I began with an under-painting of blue tones on the leaves, then slowly built up the coloration and texture with many soft layers of paint.

Sometimes it's knowing where NOT to paint, and what to leave out that helps create the curves and sheen on the subjects, and at others it is about building up undertones in the right places.

(I have a long way to go)

After the leaves were complete I gave the oranges an under painting of yellow and began to build up the skin colors with a combinations of reds, pinks, and yellows.  I didn't actually use very much pure orange on the fruit, rather I allowed the colors to mix optically on the page to help enhance the texture and give the illusion of bright orange tones.

I painted one orange at a time so I could capture a uniqueness to each one.  I'm not sure if that worked because by the time I got to the second orange I had forgotten exactly how I mixed my colors for the first one and how I built up the layers.

Botanical artists maintain detailed and meticulous sketchbooks that contain not only studies of their subjects, but many color studies and swatches to ensure they achieve exactly the right results on their finished pieces.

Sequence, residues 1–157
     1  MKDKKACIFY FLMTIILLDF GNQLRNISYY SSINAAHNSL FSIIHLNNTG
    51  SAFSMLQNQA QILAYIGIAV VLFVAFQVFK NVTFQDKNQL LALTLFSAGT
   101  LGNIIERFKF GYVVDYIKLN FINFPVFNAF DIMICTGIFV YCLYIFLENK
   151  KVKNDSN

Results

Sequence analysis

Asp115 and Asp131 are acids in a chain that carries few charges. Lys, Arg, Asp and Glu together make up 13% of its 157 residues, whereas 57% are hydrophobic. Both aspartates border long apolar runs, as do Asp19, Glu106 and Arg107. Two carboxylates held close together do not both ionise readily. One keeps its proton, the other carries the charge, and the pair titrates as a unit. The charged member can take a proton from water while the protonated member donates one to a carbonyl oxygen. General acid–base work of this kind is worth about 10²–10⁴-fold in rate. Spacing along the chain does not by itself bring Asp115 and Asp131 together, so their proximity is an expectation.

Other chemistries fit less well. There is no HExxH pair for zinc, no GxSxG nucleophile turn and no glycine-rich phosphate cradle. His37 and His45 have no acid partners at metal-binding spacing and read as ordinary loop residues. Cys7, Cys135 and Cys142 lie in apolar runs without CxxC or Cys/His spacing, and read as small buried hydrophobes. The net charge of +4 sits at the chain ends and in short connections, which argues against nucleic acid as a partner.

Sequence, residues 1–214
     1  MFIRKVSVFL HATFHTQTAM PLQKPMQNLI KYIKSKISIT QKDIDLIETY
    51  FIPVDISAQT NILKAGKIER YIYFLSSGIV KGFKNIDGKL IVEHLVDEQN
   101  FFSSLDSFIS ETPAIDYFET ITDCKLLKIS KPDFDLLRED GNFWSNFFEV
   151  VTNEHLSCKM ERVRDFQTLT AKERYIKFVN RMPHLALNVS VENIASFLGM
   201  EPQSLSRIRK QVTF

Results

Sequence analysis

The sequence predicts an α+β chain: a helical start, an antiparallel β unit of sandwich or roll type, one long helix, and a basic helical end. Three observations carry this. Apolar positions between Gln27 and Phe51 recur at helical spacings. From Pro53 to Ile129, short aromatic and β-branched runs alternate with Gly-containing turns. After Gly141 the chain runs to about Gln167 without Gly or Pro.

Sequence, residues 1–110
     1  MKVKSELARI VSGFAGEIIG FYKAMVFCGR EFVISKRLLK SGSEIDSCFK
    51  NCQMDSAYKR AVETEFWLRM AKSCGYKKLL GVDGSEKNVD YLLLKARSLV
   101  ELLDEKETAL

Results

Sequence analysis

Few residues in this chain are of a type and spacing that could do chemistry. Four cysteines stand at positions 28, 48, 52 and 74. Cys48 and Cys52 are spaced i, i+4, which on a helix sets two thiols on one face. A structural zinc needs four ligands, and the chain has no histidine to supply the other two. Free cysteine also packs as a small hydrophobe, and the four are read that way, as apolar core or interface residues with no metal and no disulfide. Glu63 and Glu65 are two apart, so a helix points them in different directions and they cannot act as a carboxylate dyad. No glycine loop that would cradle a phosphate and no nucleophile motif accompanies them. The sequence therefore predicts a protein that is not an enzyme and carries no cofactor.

The fine texture detail and contour shadows came last, allowing for some very slow and considered brush-strokes in order to achieve a roundness to the fruit. I found this part particularly difficult and realized there are lots of tricks and techniques that are required here.

The entire page was done in watercolor alone, which I found really enjoyable.  Often I like to mix in some watercolor pencil or water soluble crayon and graphite or ink, but I like the effect of the soft edges and subtle coloration that pure watercolor provides.

In the end I was happy with the result, but I know I have a long way to go before it could be considered 'botanical'.  You can expect to see more of this style from me as I indulge my need to sharpen my skills and learn this craft.